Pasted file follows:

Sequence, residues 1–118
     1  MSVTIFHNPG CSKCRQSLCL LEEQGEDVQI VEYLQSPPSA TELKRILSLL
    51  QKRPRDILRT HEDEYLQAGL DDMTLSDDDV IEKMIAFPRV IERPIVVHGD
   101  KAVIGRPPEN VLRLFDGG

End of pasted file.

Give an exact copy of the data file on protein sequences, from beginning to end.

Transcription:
Sequence, residues 1–118
     1  MSVTIFHNPG CSKCRQSLCL LEEQGEDVQI VEYLQSPPSA TELKRILSLL
    51  QKRPRDILRT HEDEYLQAGL DDMTLSDDDV IEKMIAFPRV IERPIVVHGD
   101  KAVIGRPPEN VLRLFDGG